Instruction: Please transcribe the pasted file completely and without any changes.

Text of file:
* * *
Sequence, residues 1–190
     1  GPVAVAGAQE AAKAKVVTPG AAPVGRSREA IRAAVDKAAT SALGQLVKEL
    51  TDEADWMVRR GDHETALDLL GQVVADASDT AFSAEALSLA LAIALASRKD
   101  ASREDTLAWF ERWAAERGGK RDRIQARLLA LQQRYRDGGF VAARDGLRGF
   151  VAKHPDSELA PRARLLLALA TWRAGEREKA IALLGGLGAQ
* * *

Sequence, residues 1–190
     1  GPVAVAGAQE AAKAKVVTPG AAPVGRSREA IRAAVDKAAT SALGQLVKEL
    51  TDEADWMVRR GDHETALDLL GQVVADASDT AFSAEALSLA LAIALASRKD
   101  ASREDTLAWF ERWAAERGGK RDRIQARLLA LQQRYRDGGF VAARDGLRGF
   151  VAKHPDSELA PRARLLLALA TWRAGEREKA IALLGGLGAQ